I carry a quart of water in a plastic container.  That container has a loop on it which allows me to hook it to the outside of a small day sized back pack via a carabiner.  That carabiner is useful for hooking the backpack to the easel when it is set up in a windy situation.  The backpack has extra weight that can help the easel hold on in good breeze.   On the other hand, I carry a "pouch" which clips to the legs of the tripod and can be filled with rocks, sand or dirt to really weigh down the easel.   The one I use comes from Artworkessentials.com and can be seen here.  Called the "Utility / Stone Bag" it is reasonably priced and has saved my setup from blowing away more than a few times.

The last item is seemingly unimportant to the novice, but I can attest that it is enormously helpful. . . . .the plein air painting umbrella.   The one in the above picture is "okay" and is also from artworkessentials.com and can be seen here.   They have improved their clamping system from the one shown in the picture above and seems to be fairly good.   I recently bought another umbrella for my oil painting kit, "Best Brella" . . . .which has a superior clamping mechanism and really tuffs it out in a wind.  Their website and product can be seen here.  If I was able to compare the two side by each, I believe I would have opted for the "Best Brella" because it is a superior product.  These both clamp to one of the tripod legs.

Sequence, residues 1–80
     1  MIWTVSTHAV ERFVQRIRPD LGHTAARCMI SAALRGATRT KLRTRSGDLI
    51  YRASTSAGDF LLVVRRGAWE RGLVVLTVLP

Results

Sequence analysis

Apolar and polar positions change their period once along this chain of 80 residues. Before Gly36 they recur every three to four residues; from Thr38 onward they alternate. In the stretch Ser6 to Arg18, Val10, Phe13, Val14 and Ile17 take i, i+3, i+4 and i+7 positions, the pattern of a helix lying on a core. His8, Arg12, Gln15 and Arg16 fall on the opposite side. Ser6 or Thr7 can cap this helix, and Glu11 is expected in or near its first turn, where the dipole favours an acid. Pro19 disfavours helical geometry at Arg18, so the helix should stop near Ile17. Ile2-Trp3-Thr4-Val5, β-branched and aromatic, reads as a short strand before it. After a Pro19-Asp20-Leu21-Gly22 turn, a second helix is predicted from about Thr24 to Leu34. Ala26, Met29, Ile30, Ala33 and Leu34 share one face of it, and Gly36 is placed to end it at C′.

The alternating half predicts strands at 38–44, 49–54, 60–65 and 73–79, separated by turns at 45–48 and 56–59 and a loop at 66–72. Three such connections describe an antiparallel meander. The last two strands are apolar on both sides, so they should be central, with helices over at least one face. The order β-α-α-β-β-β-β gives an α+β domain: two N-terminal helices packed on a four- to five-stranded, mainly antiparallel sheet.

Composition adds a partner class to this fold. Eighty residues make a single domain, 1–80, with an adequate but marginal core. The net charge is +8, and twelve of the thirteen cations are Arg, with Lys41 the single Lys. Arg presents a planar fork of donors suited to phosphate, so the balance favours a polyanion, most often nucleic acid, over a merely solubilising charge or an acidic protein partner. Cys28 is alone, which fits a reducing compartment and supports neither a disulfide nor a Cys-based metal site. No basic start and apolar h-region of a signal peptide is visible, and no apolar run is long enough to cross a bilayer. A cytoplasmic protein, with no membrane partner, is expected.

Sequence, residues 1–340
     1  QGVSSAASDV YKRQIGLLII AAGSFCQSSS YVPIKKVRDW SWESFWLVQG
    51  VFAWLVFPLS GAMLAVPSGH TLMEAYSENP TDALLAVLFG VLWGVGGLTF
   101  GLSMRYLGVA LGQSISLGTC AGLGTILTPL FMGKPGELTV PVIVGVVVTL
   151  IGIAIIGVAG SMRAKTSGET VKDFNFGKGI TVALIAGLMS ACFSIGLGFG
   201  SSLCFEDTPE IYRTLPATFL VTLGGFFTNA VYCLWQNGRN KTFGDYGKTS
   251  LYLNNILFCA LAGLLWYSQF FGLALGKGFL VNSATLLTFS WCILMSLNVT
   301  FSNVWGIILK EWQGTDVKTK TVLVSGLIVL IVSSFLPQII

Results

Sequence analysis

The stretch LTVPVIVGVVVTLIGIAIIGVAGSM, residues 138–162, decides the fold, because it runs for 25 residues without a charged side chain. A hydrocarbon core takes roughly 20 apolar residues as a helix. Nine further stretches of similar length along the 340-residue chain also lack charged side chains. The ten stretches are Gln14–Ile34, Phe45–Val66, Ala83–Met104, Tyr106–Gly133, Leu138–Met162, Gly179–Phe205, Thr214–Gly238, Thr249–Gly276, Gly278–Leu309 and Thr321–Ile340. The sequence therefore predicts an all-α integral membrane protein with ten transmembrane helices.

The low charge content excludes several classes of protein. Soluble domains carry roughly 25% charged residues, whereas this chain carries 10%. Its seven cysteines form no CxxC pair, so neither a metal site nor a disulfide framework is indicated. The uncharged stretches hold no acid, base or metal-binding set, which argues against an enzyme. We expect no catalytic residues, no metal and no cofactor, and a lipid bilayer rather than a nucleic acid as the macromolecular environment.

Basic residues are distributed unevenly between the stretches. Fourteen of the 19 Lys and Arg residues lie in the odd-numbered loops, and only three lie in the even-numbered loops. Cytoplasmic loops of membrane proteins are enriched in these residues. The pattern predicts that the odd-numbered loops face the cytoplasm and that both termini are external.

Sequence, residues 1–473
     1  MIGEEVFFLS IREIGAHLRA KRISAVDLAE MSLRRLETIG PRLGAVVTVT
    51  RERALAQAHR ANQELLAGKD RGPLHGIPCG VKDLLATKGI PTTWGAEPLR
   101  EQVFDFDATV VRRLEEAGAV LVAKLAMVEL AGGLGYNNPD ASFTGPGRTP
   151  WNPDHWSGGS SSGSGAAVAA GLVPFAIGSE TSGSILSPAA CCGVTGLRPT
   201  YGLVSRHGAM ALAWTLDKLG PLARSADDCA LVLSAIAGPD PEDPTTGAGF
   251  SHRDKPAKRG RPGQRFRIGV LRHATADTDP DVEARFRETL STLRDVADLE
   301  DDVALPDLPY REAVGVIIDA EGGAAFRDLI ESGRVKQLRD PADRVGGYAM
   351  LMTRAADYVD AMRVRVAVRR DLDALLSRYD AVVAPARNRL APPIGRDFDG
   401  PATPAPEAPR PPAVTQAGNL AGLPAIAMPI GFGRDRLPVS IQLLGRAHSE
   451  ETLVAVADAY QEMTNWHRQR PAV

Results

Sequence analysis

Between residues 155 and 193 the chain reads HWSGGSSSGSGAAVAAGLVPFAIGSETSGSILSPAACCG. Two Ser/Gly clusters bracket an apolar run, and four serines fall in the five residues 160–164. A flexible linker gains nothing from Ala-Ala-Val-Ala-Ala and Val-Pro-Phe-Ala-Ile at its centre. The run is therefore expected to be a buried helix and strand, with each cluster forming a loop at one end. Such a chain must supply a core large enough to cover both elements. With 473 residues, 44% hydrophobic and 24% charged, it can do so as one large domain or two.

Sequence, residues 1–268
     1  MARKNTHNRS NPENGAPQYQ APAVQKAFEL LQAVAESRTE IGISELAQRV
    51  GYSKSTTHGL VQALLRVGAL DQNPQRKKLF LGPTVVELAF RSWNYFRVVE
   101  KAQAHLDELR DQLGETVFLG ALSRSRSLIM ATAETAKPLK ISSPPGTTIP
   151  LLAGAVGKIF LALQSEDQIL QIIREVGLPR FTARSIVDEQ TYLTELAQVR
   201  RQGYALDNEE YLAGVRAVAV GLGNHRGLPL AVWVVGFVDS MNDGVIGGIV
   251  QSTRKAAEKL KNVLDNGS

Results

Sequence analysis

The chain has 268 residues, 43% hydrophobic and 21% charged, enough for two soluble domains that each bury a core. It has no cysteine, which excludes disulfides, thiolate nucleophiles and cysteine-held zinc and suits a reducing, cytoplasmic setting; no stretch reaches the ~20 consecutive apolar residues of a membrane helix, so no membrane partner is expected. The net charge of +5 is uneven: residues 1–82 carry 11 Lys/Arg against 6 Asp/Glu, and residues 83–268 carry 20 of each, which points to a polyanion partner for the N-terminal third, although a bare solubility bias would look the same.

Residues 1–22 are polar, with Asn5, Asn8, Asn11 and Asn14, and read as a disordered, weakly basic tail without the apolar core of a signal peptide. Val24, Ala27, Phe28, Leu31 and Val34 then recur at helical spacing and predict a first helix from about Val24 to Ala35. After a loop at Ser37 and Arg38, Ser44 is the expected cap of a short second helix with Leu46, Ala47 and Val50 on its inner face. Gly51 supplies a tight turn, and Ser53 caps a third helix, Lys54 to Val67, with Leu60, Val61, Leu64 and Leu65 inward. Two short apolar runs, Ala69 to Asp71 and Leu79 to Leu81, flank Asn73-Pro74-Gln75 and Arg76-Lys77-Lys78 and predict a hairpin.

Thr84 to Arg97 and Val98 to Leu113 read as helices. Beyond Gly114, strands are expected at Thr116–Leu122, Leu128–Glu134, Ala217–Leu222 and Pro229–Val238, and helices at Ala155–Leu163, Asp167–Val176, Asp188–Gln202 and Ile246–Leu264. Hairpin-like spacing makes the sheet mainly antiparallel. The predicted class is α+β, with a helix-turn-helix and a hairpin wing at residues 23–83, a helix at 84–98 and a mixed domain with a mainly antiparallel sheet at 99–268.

You wouldn't believe the positions these umbrellas take when attached to different artists equipment!   You'll see them sticking straight out, parallel to the ground, when the sun is low.  And you will see them at all sorts of odd angles as the day's artwork progresses.

The umbrella will be of immense assistance in mixing your colors when subtlety is necessary.  Sun glare bleaches out what we see on our palette, causes our eyes to dilate down to null and reduces our proclivity to see color nuances.   In addition, the umbrella shades the work in progress.   The sun creates evil on the face of a watercolor while painting, believe me!   So, make sure that you have this piece of equipment.   If you go cheap, you will be very disappointed!